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January 25, 2012 3:00 am

Spinning Yarn: Last Pitch


Mike Fast

One of our finest analytical minds says farewell and rides off into the sabermetric sunset to join an MLB team, introducing our newest addition in the process.

I have greatly enjoyed the last 15 months here at Baseball Prospectus. It has been a better time than I could have imagined, in many ways. It has been a privilege to share my thoughts and the results of my research. The conversations that resulted, whether in the comments here or on Twitter or at other sites, are among the things I value most. Baseball is a great game, full of interesting nooks and crannies, and it has been a lot of fun to explore them with you.

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The hit-and-run is much maligned as a small-ball tactic, but it's a surprisingly successful strategy.

In this game you never know enough.”—Dale Mitchell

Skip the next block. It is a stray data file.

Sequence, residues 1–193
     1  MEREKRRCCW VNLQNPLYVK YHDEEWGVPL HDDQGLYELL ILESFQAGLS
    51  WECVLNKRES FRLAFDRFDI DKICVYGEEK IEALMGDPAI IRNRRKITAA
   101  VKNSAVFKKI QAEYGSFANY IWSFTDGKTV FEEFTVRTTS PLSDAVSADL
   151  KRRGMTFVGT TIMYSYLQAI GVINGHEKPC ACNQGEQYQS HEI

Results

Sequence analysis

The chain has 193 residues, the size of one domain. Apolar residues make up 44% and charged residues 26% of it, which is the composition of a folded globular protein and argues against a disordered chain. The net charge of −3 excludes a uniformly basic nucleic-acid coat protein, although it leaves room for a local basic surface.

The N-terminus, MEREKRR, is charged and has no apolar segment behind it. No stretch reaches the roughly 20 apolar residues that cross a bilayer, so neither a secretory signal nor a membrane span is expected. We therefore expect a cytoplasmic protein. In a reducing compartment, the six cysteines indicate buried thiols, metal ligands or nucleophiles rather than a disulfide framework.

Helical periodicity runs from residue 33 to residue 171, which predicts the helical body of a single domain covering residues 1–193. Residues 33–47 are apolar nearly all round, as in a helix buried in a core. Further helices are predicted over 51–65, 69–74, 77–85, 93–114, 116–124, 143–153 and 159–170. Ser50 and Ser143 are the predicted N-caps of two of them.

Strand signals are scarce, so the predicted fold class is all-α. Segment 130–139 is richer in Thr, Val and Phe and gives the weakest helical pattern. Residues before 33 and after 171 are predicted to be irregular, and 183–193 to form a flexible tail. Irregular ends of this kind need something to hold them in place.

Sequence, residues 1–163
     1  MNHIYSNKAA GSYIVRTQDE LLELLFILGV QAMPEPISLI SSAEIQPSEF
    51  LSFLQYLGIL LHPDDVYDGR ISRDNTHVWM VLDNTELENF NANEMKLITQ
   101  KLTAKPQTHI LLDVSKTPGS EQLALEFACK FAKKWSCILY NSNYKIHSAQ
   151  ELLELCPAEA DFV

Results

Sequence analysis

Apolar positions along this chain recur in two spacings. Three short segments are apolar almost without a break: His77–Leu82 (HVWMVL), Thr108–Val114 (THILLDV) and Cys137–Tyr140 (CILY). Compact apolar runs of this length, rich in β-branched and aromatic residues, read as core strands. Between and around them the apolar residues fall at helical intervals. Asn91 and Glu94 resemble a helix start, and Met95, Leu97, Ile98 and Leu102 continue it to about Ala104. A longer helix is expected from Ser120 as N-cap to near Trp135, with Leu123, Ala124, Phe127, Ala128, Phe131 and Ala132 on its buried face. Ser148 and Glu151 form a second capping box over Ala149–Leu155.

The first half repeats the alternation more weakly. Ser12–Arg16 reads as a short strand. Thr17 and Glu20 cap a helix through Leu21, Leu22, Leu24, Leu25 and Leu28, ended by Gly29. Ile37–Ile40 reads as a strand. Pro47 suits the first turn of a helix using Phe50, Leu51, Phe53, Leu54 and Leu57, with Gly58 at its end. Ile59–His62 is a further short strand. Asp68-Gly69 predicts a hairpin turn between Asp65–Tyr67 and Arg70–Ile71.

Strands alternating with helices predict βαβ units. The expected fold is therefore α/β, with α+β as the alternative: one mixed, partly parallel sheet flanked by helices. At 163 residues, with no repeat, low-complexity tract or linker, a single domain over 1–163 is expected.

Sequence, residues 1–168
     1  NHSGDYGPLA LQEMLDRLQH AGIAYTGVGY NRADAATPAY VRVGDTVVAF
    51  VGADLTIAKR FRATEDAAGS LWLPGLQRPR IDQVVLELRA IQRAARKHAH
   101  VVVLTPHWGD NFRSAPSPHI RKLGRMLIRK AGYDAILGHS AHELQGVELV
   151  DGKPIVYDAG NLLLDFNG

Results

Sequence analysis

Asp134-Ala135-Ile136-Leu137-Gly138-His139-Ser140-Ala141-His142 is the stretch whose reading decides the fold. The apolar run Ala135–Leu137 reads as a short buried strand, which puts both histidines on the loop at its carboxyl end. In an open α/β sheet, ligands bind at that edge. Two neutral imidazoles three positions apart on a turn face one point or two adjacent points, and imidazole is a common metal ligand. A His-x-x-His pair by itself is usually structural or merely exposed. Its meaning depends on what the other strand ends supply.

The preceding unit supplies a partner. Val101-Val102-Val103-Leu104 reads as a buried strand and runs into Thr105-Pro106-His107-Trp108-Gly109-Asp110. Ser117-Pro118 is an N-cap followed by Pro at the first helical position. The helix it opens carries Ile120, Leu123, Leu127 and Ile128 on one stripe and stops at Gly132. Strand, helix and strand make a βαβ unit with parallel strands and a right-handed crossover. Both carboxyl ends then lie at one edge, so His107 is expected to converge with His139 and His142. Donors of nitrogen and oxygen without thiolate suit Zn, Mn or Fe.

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Mike continues his investigation of HITf/x data to glean more insights into whether pitchers can prevent hits on balls in play.

In the first part of this study, I used detailed batted ball speed information from HITf/x to examine the degree of skill that batters and pitchers had in quality of contact made or allowed. Here, I will look deeper into the question of why some batted balls fall for hits and others do not.

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When a batter and pitch face off, which has a greater effect on how hard the ball is hit, and what can that tell us about pitcher BABIP?